Sunrise: A Song of Two Humans
Drama, romance, noir, by Friedrich Wilhelm Murnau, United States, 1927
A big-city woman on vacation (Margaret Livingston) stays in a small lakeside town. After dark she goes to a farm where the man (George O'Brien) and his wife (Janet Gaynor) are looking after their child. She calls to the man from the fence outside. The man is undecided, but finally walks away, leaving his other wife alone. The man and also the woman meet in the moonlight and kiss passionately. She wants him to sell her farm to go with her to the city. When she suggests that he solve her wife problem by drowning her, he attempts to violently strangle her, but then completely changes his attitude towards her. When the man and her wife leave for a boat trip on the lake, he prepares to throw her into the water. But when she begs for her mercy, he realizes he can't do it. The man rows frantically for shore, and when the boat comes ashore, his wife flees in a panic.
Sunrise: A Song of Two Humans, directed by German director FW Murnau in his American film debut is based on Carl Mayer's short story "The Excursion to Tilsit", released in 1917.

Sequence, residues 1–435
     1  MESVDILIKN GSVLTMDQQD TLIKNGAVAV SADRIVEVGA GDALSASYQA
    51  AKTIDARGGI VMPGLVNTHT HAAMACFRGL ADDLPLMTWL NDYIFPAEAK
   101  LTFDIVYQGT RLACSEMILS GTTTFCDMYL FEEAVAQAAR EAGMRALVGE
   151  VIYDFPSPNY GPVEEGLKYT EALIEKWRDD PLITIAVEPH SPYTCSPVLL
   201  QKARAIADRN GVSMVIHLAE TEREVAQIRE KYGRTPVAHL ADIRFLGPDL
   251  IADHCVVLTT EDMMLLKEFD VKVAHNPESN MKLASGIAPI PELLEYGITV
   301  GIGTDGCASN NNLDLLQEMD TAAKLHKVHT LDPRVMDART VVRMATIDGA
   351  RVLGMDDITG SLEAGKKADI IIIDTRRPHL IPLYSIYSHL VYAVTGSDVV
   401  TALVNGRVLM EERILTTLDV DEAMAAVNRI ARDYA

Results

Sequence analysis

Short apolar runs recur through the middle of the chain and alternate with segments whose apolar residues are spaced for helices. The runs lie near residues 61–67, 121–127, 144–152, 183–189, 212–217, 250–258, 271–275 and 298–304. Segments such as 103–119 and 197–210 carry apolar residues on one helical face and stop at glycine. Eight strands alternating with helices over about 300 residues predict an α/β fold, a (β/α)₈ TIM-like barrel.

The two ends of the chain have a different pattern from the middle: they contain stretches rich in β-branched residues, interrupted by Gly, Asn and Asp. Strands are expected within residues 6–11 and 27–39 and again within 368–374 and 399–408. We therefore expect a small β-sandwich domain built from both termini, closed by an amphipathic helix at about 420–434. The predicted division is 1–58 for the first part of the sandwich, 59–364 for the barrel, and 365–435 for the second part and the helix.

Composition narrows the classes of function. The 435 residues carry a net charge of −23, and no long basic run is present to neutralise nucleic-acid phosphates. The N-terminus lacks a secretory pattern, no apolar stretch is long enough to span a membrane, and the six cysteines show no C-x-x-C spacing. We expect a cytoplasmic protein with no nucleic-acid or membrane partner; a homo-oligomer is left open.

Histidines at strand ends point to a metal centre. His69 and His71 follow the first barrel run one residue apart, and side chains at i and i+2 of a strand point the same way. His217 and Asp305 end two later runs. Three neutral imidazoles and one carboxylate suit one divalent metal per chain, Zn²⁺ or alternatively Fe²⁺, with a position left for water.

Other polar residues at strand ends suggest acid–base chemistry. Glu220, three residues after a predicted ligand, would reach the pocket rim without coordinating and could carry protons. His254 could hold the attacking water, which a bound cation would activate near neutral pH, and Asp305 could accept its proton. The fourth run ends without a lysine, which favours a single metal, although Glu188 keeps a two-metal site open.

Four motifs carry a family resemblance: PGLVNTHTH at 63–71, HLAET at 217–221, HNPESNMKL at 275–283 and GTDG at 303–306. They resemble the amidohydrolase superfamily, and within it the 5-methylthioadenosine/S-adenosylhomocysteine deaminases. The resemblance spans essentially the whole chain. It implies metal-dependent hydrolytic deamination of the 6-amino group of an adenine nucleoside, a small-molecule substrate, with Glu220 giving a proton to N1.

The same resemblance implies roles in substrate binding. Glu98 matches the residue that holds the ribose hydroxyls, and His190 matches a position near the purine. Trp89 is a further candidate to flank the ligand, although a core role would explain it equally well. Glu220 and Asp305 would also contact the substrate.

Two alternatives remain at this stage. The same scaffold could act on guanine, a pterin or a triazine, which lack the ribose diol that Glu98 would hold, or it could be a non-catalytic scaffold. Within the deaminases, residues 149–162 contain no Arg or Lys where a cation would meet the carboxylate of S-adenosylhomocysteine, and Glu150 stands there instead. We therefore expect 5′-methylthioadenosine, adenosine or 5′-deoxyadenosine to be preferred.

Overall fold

Murnau chose to use the new Fox Movietone sound system, making Aurora one of the very first feature films with a synchronized soundtrack and sound effects. Janet Gaynor won the first Academy Award for Best Actress in a Leading Role for her portrayal in the film. The film is now commonly regarded as a masterpiece, among the best films ever made. Many have called it the greatest film of the silent film age. Murnau, master of expressionist cinema, was invited by William Fox to make an expressionist film in Hollywood. The film's language and photography are revolutionary: elegant tracking shots, long sequences of pure action without dialogue in Murnau's signature style. The characters remain nameless, creating the perception of a universal story.
SUBTITLES: Spanish, French, German, Portuguese